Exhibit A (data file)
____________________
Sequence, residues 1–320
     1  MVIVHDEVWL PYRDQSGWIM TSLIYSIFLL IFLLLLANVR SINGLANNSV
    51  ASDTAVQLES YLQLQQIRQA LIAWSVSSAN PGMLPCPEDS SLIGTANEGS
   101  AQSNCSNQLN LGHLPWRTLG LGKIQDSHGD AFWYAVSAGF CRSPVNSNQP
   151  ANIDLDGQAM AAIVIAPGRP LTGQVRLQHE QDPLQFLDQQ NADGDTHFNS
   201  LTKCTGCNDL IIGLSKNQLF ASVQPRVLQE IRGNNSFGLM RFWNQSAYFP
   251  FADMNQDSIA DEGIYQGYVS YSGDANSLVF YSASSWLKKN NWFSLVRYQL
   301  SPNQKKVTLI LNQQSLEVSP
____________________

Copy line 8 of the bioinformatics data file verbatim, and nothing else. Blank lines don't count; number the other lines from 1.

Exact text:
   301  SPNQKKVTLI LNQQSLEVSP